Sometimes I think that the purpose of photography is to hide the pain behind beautiful moments captured in still.
We are reading so many good books this month! Being at Gousty is bringing out the reading in all of us. The stack of books that Amabel has read to herself this month is even higher than the stack in this photo! Many of the chapter books that I read as a child and adolescent are in this house (the actual copies!), and I love coming into the living room to find her curled up on the couch with one of my old books in her lap.
We are learning so much about Korea during World War II from this book by Linda Sue Park called “When My Name was Keoko.” Korean children were required to speak Japanese during this time when Korea was part of Japan’s empire. Children also learned Japanese Kanji, which we practiced in the fall. The girls loved returning to it again this spring – practicing the characters both in full size and tiny doll size.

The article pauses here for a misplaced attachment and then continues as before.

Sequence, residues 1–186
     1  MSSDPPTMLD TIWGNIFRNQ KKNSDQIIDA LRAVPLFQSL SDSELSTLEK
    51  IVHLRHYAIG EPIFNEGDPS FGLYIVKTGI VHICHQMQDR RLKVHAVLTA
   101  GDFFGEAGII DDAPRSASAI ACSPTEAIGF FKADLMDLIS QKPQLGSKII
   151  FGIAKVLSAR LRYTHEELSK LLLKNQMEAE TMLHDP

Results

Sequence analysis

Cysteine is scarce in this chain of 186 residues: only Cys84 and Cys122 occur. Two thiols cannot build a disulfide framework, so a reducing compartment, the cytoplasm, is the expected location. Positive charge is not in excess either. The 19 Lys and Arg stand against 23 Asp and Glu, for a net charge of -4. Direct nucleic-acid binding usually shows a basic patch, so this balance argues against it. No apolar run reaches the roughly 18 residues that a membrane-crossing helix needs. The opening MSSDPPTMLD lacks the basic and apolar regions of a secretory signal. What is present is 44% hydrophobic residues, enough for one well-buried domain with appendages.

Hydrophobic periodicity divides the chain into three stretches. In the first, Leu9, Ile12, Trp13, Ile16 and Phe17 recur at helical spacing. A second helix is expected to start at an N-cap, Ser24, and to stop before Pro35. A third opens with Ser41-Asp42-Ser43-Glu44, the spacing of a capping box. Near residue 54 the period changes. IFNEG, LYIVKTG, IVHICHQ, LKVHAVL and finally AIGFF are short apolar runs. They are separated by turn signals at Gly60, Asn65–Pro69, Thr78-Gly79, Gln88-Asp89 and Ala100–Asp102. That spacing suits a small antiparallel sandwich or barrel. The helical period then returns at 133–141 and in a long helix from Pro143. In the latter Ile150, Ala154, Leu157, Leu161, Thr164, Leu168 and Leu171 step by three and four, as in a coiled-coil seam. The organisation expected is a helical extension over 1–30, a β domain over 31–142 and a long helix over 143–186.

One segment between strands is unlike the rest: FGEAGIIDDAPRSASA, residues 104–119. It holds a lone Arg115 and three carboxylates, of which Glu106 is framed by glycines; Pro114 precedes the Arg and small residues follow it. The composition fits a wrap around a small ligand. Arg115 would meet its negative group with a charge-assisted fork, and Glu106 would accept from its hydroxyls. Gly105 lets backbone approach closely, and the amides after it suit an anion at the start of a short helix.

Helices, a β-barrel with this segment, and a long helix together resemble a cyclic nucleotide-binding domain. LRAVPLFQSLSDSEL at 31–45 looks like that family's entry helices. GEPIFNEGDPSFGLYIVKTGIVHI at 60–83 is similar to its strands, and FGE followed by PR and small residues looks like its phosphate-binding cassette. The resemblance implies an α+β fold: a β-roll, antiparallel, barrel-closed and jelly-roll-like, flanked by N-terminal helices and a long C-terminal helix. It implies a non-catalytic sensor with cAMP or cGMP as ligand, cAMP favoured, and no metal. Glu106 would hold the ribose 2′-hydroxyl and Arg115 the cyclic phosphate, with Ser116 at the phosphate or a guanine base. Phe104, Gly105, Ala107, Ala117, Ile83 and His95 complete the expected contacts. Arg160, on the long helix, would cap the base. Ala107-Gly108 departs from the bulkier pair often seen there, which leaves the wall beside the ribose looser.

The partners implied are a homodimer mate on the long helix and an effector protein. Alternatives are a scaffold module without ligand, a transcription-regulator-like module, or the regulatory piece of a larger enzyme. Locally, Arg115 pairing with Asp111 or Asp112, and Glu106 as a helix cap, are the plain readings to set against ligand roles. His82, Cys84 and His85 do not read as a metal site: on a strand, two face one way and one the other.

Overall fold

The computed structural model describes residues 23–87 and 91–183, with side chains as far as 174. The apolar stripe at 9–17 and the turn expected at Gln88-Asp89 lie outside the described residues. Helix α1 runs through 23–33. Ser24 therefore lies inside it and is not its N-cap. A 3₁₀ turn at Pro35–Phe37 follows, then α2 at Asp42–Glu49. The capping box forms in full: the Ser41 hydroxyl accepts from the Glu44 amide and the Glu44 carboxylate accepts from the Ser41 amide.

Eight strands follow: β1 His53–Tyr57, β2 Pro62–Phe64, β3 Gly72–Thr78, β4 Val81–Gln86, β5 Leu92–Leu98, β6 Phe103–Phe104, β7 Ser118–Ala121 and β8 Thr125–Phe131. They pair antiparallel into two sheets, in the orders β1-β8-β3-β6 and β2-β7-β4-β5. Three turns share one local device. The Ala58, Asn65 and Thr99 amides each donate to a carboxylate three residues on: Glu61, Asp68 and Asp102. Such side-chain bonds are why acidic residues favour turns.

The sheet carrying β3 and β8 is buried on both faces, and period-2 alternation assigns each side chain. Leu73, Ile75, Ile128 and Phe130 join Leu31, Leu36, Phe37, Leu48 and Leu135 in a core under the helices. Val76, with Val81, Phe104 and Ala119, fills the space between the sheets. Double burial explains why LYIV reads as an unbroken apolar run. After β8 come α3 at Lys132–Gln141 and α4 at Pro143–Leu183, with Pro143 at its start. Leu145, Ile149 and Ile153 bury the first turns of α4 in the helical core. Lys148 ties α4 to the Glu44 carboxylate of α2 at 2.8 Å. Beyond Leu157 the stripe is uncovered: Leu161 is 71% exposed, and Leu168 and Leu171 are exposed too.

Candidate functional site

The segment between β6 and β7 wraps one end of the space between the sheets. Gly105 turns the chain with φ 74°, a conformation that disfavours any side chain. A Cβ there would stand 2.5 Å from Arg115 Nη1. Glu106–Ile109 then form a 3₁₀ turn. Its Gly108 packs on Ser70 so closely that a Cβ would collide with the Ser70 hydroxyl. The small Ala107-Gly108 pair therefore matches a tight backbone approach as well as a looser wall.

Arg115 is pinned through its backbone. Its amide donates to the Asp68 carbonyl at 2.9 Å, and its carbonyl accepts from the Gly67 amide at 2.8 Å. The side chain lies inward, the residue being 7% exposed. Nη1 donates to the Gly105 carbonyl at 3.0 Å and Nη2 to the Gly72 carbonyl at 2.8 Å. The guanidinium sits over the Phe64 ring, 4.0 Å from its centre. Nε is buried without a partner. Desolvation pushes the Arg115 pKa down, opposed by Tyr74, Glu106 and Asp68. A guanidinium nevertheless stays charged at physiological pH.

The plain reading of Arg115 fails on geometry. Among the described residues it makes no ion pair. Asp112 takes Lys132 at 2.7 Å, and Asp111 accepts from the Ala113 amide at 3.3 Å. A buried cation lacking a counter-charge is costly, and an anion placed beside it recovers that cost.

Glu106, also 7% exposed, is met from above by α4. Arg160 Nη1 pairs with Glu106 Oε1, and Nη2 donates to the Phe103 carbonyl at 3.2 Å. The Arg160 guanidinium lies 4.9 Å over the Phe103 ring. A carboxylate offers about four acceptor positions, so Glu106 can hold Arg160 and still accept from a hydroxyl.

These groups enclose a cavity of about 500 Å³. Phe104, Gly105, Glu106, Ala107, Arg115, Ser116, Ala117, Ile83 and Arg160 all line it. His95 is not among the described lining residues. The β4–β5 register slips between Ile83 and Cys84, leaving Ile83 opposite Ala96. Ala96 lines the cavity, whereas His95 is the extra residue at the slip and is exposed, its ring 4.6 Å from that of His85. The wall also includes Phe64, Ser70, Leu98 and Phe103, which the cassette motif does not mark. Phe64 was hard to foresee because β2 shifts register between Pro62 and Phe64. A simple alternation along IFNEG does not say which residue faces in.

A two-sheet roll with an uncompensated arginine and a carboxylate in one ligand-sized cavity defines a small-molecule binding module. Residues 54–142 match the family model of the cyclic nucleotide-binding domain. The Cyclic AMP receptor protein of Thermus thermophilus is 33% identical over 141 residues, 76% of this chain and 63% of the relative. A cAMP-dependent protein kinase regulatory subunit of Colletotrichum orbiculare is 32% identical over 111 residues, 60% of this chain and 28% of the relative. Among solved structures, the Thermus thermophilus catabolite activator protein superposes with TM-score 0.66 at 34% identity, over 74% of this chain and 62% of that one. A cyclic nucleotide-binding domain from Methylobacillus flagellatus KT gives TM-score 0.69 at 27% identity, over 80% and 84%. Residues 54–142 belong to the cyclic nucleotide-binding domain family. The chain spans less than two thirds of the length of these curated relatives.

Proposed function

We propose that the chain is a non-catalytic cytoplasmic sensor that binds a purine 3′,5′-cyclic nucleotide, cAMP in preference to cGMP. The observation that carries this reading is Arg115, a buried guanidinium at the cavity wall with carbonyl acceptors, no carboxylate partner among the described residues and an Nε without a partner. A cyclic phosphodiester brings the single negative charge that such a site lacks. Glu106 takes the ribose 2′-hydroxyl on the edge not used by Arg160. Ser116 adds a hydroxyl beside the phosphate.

I’m behind in posting my daily photos this month. There is so much life happening here every day — homeschooling, games, play, getting ready for spring, house projects, spring snow, more spring snow . . . and I’m catching just little bits of it on the camera.
Recently, the girls were looking through some photo books from the past couple of years with Wallace, and as I listened to them reflecting on the pictures, and remembering moments together, I realized how these daily photos have — collectively — come to mean something to them.
I started a 365 project in 2016 primarly for myself. These were my goals then: To nurture my creative voice. To encourage myself to see beauty in our everyday life. To be an active part of a photography community. And to see my family more deeply, with more dimension, and with more reverence.
When I continued taking daily photos in 2017, my goal was “to keep practicing the arts of photography and writing and use these tools as a way to pay attention and express gratitude.” I’ve continued in 2018, with a similar goal. Taking photos does help me to pay attention. Seeing though the lens of a camera has become one of the very important ways that I practice gratitude. Because of this, these photos matter deeply to me.
But years from now, I hope these photos will also matter, in different ways — in ways I maybe cannot imagine — to my children.